Sssweet Bugsssy, You P-r-r-r-t-y Thang

So I said, earlier this morning (“Projection, Introjection”):  I want out! of the Projection racket.  I want to learn to Listen instead.  And with Bugs, truly, I have very little, really no, idea how to do that.

So remember what Roger Scruton said about “scrupulous optimists”?  (“A Dash of Tropics,” 1/9.)   About how his midwife – that paragon of virtue and veritas – would “consult the existing store of knowledge and authority”?

I’ve found an “existing store of knowledge and authority” I like.  It’s Life With 4 Cats,

I appreciate that the human behind it – Sara – trains her focus and expertise on feline health plus psychology.  I trust her because she’s said a few things that jive with my own experience as a FELDENKRAIS practitioner – for example, about how human and cat feet and leg-bones were designed to walk on forgiving surfaces like leaves and grass, and not so much on concrete, tile, so forth.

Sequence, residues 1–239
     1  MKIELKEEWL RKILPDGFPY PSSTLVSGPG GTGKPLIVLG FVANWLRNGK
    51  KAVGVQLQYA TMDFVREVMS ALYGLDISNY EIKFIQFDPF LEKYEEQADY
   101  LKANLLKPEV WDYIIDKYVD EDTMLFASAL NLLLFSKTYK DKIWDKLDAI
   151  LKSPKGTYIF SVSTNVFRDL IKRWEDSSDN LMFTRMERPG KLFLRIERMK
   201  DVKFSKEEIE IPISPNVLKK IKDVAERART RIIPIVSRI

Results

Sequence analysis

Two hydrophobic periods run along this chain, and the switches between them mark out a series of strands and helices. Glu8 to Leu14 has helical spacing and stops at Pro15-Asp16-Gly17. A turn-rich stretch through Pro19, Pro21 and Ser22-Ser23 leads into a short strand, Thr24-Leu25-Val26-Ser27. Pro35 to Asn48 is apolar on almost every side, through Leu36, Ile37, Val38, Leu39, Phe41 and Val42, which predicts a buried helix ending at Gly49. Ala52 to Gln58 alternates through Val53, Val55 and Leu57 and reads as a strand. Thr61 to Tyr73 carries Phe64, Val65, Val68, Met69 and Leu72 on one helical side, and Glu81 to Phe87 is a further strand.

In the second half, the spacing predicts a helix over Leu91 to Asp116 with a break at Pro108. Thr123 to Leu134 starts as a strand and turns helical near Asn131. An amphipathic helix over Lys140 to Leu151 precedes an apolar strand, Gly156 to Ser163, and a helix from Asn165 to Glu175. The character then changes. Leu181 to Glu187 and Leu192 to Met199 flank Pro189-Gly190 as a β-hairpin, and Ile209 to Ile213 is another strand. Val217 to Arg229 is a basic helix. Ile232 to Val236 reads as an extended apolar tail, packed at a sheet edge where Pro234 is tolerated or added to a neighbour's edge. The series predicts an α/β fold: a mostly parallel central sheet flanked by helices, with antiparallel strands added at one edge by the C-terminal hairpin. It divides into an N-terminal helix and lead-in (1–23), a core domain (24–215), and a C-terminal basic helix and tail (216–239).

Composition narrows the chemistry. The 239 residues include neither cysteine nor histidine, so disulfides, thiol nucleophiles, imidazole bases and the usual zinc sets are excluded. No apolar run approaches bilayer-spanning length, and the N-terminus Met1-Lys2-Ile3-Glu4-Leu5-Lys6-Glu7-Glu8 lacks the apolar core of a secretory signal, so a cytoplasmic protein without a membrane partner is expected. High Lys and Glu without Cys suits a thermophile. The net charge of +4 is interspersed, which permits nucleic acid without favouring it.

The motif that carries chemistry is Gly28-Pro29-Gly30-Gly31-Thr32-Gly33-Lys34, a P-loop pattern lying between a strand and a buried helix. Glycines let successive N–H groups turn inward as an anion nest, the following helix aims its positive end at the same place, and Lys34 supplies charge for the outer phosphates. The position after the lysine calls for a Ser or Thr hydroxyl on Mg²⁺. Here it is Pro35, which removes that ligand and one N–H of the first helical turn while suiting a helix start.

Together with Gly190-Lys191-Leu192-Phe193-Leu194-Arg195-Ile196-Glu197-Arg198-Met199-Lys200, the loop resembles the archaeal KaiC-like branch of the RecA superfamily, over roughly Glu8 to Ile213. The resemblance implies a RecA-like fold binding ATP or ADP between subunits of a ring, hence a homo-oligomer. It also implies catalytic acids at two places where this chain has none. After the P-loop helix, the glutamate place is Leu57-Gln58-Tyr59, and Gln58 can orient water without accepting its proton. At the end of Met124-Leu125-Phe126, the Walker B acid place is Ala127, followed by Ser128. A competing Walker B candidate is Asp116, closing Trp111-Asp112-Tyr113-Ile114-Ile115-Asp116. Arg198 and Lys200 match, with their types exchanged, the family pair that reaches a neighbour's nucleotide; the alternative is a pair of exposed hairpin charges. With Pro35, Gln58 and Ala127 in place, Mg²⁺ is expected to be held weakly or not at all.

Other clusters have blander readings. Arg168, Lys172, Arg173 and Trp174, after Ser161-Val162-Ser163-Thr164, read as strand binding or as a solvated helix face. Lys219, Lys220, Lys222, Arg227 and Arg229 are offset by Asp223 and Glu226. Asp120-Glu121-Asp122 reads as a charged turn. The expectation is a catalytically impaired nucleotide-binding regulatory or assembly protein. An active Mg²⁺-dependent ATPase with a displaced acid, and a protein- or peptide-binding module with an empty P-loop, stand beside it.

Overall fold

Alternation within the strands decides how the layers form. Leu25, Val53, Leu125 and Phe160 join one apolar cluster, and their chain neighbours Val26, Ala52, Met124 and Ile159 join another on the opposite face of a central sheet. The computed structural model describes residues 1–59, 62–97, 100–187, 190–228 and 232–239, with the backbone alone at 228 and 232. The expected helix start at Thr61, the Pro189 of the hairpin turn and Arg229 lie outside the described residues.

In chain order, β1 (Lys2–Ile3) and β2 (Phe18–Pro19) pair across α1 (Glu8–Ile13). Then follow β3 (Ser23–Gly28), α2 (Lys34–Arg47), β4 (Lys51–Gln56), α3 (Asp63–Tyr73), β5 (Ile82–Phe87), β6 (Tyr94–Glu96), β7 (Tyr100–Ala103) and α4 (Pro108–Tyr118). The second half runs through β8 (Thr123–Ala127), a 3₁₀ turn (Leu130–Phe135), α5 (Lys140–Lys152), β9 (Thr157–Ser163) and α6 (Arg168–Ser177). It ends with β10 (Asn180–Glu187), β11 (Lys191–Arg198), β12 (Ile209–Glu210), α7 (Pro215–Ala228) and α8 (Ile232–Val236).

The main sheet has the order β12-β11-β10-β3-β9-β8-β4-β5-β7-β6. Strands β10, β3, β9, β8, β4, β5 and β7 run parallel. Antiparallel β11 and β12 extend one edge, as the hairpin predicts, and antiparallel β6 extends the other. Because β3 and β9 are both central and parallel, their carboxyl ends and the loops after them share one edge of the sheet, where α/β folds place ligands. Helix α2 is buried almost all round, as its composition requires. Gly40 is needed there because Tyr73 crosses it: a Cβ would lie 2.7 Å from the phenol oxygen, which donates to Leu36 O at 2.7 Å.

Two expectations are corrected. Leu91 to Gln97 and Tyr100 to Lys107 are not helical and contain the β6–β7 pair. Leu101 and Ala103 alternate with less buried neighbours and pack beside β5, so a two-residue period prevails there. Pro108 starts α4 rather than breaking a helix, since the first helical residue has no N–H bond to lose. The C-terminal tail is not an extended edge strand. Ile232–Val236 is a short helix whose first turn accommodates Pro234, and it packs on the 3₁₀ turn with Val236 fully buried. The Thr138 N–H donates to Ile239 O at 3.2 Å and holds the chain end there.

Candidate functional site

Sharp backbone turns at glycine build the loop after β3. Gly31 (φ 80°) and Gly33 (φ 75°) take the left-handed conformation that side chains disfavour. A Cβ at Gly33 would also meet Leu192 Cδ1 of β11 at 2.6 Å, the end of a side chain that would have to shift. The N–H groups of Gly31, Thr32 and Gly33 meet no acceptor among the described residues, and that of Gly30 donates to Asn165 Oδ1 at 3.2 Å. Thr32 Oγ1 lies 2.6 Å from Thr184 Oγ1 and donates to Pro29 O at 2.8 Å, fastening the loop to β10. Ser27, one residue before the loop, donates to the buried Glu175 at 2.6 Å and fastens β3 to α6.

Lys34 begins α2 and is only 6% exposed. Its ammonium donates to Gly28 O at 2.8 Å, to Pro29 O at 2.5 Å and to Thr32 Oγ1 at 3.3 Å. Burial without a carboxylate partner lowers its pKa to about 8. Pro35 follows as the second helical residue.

So I was really glad to read what she says about the stark difference between what we think we’re saying to cats, and what they might be hearing instead.

Again – to keep focusing (I’m turning over a new leaf here), I repeat:  This blog is about interpreting what Another Being is saying.  It’s about Listening.  It’s about applying the Five-Part Test, to generate some Love.  (Bugs’s Excellent Adventure, 12/16; Love for Other Species, 12/13)

And here’s how that Five-Part Test works, boiled down, this time, into two elements:

The goal is to work toward transforming indifference and negation – and let me add ignorance, also – into Love.

The essential skill for how to do that is to refrain from laying down certainty all over the place.   To work, instead, to come to  understand differences.  To Listen, in other words, with empathy.

(Consult Empathy category-button, on the right.)

So I’m very glad to find Sara sharing her “store of knowledge and authority.”  I’m especially glad.  Because I myself have such a long, habitual history of indifference and negation or worse.  Because there are so very many inherent differences between Bugs and me.  Because these circumstances challenge me, they invite me, so often, to drop into Projection-Land, instead of Listening.